Geo‐parsing Messages from Microtext
Widespread use of social media during crises has become commonplace, as shown by the volume of messages during the Haiti earthquake of 2010 and Japan tsunami of 2011. Location mentions are particularly important in disaster messages as they can show emergency responders where problems have occurred. This article explores the sorts of locations that occur in disaster‐related social messages, how well off‐the‐shelf software identifies those locations, and what is needed to improve automated location identification, called geo‐parsing. To do this, we have sampled Twitter messages from the February 2011 earthquake in Christchurch, Canterbury, New Zealand. We annotated locations in messages manually to make a gold standard by which to measure locations identified by a Named Entity Recognition software. The Stanford NER software found some locations that were proper nouns, but did not identify locations that were not capitalized, local streets and buildings, or non‐standard place abbreviations and mis‐spellings that are plentiful in microtext. We review how these problems might be solved in software research, and model a readable crisis map that shows crisis location clusters via enlarged place labels.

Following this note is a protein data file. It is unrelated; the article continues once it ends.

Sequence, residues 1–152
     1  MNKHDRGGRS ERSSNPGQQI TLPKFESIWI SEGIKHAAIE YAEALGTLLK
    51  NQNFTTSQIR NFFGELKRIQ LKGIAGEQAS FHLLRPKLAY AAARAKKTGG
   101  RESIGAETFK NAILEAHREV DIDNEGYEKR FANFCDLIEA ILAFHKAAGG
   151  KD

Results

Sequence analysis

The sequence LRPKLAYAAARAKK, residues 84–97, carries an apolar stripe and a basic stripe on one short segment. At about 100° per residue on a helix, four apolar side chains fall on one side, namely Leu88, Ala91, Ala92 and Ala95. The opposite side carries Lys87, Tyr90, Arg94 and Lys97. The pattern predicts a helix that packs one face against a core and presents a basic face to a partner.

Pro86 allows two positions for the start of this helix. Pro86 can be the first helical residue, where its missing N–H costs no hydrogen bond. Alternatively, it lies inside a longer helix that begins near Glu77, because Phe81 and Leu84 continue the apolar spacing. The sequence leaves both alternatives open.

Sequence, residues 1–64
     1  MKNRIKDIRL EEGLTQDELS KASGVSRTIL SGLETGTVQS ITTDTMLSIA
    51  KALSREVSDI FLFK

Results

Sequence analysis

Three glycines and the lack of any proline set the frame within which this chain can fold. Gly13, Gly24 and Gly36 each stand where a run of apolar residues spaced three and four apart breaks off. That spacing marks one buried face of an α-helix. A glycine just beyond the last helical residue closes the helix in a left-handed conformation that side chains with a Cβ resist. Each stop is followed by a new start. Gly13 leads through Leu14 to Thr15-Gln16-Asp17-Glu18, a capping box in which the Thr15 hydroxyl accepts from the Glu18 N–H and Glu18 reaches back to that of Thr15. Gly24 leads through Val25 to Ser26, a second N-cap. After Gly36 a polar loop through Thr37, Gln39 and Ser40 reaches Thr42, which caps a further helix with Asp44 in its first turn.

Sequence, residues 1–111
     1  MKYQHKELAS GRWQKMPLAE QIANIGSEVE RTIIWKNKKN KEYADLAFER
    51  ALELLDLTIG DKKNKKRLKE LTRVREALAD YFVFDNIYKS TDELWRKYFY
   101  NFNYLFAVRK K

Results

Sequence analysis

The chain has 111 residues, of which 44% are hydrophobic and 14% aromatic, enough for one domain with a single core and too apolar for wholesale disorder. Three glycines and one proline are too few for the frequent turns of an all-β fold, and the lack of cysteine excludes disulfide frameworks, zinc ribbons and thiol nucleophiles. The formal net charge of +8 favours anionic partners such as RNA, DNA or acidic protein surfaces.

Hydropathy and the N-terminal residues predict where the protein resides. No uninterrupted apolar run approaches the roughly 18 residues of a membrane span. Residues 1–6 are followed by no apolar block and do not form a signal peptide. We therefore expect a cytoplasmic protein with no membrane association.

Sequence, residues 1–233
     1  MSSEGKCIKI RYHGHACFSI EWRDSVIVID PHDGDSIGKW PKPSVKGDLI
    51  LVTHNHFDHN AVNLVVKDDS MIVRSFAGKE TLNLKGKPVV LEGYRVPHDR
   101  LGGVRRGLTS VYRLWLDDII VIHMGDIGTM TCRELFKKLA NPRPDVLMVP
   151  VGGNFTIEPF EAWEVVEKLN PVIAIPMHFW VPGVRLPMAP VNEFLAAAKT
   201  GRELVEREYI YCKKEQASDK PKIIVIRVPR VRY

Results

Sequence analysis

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Document Type: Research Article
Affiliations: Language Technologies Institute, School of Computer Science, Carnegie-Mellon University
Publication date: 2011-12-01